Morning: What is important for me to focus on in my work today? What relationship do I want to tend to? How can I bring humor and light to bear?

Evening: When did I get distracted today? In what ways does thinking about dying bring clarity to how I want to live my life?  

Psalm 68:5 Father of orphans and protector of widows is God in his holy habitation.

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High School Logic

Acts 17:22-31  •  Psalm 66:8-20  •  1 Peter 3:13-22  •  John 14:15-21

    Today's readings provide much food for thought, with a flavor of high school material – if/then clauses, of all things. The psalmist declares that if he had cherished iniquity, then the Lord would not have heard him (v. 18). Paul tells the Athenians that since we are God's children, we ought not to think of idols made of metals as gods (v. 29). The writer of 1 Peter adds that even if one suffers for doing right, then so much the better (v. 14). The clear winner, though, is John 14:15: If you love me, you will keep my commandments.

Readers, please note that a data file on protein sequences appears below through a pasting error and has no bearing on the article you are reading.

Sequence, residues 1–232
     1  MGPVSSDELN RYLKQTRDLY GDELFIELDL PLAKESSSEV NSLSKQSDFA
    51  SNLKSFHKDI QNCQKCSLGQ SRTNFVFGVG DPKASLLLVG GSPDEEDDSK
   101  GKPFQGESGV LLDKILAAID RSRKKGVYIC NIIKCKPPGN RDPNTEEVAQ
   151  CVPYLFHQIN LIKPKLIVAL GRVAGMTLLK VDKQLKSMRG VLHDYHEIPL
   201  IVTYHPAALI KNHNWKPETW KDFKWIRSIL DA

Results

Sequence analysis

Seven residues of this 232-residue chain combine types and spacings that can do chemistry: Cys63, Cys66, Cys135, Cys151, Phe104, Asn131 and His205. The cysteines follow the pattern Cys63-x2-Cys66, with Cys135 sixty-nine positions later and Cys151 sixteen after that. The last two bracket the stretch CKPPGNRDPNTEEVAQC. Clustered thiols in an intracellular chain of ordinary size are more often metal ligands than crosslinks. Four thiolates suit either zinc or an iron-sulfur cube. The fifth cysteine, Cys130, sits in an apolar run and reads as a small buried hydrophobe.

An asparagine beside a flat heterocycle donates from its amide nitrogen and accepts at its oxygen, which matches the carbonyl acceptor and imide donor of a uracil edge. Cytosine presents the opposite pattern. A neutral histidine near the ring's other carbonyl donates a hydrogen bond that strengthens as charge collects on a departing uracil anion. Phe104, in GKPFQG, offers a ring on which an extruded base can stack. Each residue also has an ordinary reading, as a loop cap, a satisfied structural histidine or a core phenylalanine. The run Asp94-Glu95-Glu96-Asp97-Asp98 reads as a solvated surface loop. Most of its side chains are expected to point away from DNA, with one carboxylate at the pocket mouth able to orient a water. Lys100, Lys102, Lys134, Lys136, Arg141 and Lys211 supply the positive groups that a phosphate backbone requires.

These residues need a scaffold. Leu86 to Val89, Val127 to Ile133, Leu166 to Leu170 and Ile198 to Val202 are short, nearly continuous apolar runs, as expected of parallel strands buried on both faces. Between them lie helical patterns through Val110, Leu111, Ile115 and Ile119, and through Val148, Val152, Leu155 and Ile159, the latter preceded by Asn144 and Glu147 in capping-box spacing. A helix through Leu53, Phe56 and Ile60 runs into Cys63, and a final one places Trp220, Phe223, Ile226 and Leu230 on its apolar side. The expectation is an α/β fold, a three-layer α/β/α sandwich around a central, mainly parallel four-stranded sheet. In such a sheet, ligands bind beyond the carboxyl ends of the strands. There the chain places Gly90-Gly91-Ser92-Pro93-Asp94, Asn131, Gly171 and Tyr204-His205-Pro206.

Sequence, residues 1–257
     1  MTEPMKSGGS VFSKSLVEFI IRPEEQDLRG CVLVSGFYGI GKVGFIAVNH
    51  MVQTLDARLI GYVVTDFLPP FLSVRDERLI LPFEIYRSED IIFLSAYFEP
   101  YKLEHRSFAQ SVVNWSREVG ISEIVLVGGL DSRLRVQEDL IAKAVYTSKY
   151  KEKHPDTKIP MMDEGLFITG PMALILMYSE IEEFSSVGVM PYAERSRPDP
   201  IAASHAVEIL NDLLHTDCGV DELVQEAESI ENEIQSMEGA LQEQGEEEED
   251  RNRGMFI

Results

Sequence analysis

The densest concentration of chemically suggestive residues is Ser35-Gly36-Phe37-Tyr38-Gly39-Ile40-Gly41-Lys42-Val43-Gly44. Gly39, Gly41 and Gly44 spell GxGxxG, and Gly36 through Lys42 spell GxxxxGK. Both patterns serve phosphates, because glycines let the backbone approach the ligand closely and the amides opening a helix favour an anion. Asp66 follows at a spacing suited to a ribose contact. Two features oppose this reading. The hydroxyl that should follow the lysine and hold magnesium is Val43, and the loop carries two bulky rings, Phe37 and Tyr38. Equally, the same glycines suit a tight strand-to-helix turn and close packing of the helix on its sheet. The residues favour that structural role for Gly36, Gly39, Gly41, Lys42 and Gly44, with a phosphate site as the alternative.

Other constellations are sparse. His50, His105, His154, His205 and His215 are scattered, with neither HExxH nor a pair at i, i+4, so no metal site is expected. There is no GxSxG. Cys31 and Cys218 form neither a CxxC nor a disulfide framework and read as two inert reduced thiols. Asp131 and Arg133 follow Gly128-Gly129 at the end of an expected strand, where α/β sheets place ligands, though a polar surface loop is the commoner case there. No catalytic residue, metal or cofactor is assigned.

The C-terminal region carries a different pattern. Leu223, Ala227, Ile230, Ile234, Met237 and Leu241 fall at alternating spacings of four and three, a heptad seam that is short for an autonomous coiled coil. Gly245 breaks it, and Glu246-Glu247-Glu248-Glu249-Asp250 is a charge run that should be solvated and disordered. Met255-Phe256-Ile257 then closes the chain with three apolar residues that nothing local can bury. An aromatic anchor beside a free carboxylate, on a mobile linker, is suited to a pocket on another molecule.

If/then clauses come to us courtesy of two disciplines: math and grammar. You may remember if x then y: that is, x guarantees y. You may also remember the subjunctive mood, perhaps from a foreign language class. Already wincing? Groaning? I'll keep this short. In the reading, the subjunctive seems like a warning – encoded in the grammar – not to put the cart before the horse. If you love me, you will keep my commandments tells us not only what to do but also the order of things: begin with love. Then following the directions of Jesus is a natural thing, it will just happen! Love for a teacher leads one to following his teachings. On the other hand, following teachings without love for the teacher is difficult.